Just the Wind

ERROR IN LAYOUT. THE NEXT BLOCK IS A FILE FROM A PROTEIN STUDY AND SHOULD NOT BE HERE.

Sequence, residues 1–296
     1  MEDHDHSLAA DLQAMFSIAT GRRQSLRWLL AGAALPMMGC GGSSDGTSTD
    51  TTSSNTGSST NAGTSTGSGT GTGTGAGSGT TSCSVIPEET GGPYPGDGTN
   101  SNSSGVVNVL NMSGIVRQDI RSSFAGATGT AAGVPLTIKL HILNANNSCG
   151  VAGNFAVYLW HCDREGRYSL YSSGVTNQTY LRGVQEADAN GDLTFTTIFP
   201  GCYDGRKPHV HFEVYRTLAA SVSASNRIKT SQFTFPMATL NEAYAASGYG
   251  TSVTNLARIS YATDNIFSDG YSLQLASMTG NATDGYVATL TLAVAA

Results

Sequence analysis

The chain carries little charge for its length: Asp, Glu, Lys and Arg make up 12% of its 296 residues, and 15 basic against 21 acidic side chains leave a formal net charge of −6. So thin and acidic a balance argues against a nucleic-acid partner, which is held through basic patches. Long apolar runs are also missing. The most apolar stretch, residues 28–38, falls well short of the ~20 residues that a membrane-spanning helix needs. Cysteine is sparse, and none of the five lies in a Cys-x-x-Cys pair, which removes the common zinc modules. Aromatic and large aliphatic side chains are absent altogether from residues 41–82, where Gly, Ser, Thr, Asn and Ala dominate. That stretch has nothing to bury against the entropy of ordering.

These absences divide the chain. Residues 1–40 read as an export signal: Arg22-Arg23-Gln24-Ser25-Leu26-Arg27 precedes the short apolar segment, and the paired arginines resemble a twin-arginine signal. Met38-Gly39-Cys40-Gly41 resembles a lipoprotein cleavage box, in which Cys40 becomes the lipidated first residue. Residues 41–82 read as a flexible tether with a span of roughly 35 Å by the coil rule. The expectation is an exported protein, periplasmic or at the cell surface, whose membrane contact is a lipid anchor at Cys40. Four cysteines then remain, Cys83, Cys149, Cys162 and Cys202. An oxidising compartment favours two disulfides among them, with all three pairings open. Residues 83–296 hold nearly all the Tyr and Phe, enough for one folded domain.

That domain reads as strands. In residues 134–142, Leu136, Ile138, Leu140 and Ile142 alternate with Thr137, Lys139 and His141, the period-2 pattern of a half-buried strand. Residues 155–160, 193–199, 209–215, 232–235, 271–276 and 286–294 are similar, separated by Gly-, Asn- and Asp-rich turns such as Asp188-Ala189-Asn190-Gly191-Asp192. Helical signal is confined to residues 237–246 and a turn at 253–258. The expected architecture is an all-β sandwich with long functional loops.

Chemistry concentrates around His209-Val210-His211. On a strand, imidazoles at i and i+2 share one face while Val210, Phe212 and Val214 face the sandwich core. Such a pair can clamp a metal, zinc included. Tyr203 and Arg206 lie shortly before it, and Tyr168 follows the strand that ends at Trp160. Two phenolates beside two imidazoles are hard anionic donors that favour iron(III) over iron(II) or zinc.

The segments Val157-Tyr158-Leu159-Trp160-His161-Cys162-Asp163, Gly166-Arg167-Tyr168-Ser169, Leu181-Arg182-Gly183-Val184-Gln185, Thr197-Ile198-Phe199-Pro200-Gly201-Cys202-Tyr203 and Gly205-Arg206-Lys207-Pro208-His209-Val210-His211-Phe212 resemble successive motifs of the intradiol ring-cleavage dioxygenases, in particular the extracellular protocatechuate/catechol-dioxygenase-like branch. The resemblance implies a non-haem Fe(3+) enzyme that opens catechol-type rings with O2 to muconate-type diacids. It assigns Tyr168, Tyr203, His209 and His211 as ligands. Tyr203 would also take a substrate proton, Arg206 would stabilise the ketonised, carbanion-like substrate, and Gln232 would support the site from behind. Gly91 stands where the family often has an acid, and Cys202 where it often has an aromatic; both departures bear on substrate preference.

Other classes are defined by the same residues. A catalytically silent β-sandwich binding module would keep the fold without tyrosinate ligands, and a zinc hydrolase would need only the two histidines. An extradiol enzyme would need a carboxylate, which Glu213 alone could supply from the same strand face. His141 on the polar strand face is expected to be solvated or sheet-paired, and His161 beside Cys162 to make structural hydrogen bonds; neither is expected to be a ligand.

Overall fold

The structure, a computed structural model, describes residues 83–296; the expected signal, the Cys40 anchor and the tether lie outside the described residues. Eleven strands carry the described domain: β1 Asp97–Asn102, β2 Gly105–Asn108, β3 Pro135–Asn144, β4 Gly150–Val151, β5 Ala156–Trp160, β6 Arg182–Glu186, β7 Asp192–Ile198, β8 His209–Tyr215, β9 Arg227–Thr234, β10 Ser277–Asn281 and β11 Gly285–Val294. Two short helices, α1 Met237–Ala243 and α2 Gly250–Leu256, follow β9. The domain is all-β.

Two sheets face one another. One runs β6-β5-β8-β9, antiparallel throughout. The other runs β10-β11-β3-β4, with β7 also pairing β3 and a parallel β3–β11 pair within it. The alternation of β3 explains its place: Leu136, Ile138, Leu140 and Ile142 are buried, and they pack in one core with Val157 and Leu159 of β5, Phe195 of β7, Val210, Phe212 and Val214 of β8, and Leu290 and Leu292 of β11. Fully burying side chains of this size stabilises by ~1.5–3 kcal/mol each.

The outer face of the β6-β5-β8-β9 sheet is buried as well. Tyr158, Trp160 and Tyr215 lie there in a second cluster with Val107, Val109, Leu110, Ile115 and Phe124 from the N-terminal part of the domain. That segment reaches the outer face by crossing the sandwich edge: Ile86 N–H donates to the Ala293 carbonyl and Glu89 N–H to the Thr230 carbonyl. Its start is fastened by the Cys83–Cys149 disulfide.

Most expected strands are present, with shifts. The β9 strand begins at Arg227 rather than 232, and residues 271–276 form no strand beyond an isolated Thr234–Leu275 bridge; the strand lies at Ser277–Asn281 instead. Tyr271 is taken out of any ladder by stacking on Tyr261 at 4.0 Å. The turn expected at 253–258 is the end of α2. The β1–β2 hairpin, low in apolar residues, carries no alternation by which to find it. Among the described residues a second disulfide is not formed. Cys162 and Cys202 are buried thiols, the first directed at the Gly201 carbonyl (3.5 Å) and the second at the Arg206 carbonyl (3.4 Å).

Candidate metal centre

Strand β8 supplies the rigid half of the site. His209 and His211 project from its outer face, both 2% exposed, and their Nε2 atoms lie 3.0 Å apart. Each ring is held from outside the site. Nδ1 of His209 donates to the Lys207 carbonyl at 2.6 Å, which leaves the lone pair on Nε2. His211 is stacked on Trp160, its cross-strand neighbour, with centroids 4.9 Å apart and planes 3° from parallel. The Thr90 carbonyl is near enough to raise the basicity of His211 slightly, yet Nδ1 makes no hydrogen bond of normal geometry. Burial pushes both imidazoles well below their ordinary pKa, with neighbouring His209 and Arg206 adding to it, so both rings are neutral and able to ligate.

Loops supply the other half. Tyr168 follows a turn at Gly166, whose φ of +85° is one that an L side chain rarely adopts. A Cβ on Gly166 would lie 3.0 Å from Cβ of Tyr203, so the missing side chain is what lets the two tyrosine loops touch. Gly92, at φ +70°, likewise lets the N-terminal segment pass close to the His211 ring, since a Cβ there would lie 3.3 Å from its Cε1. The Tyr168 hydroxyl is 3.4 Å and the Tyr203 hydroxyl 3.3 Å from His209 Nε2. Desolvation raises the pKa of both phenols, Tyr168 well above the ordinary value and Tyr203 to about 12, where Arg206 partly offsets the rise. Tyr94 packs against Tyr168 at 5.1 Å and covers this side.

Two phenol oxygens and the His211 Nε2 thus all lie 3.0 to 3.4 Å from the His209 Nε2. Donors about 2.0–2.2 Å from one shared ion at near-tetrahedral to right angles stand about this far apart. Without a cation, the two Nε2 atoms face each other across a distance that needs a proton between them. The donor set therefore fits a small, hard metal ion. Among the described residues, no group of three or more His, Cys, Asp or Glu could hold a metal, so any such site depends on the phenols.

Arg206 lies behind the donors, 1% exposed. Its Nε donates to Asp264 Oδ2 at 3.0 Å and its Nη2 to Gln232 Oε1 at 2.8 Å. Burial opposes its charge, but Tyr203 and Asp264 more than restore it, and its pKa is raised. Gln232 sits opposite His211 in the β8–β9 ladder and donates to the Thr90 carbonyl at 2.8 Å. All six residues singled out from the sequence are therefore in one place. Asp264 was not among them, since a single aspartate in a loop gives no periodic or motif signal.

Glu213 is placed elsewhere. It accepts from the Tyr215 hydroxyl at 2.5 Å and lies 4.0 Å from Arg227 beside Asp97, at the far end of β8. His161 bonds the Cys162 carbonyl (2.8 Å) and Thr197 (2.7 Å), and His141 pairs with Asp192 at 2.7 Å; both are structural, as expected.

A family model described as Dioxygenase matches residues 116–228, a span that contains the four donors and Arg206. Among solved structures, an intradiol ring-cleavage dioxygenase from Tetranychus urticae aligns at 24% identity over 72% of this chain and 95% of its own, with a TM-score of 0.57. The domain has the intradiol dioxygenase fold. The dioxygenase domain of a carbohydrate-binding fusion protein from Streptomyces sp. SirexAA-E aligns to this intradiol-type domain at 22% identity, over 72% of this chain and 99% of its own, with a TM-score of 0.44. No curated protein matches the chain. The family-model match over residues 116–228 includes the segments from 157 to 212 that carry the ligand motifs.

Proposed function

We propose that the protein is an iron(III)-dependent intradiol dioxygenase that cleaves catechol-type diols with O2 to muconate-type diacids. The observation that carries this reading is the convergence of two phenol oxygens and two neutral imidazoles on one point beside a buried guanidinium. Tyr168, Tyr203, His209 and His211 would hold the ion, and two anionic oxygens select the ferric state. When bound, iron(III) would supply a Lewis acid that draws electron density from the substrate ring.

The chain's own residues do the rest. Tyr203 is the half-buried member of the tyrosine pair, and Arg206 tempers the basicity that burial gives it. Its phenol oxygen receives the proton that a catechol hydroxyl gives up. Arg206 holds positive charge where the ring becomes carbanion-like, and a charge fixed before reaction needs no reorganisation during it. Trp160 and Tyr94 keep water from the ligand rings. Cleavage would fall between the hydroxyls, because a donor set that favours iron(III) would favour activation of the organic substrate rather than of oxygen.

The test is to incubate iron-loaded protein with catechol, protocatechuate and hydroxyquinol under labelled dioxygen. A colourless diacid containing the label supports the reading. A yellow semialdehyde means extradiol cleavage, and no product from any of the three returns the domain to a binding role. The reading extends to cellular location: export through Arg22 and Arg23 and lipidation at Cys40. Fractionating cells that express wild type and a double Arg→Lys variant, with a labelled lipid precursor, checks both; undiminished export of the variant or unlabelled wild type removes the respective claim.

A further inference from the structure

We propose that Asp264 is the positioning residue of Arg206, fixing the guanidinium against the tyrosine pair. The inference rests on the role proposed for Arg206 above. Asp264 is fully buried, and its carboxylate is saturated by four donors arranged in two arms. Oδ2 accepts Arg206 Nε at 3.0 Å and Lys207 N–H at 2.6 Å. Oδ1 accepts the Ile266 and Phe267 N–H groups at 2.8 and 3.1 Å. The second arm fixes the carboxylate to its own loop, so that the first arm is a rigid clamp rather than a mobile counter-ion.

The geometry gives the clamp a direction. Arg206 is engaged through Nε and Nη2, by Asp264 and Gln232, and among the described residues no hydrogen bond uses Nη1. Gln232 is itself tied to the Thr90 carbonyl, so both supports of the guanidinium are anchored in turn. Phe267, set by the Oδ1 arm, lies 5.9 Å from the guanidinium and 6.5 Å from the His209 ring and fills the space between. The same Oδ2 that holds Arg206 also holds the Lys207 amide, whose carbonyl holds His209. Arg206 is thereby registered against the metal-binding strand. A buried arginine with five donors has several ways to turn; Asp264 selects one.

News quick­ly spreads of the murder of a Romany family in a Hun­gar­i­an vil­lage. The per­pe­tra­tors have escaped and nobody claims to know who might have com­mit­ted the crime. For anoth­er Romany family living close by, the murder only serves to con­firm their latent, care­ful­ly repressed fears. Far away in Canada the head of the family decides that his wife, chil­dren and their grand­fa­ther must join him as soon as pos­si­ble. Living in fear of the racist terror that sur­rounds them and feel­ing aban­doned by the silent major­i­ty, the family tries to get through the day after the attack. By night­fall, when dark­ness descends on the vil­lage, the family pushes the beds closer togeth­er than usual. Yet their hope of escap­ing the mad­ness proves illu­so­ry. Based on an actual series of killings in Hun­gary that claimed the lives of eight people in less than a year, Bence Flie­gauf por­trays the pogrom-like atmos­phere which breeds such vio­lence. The camera stays hot on the heels of the pro­tag­o­nists, making the breath­less esca­la­tion of events phys­i­cal­ly pal­pa­ble.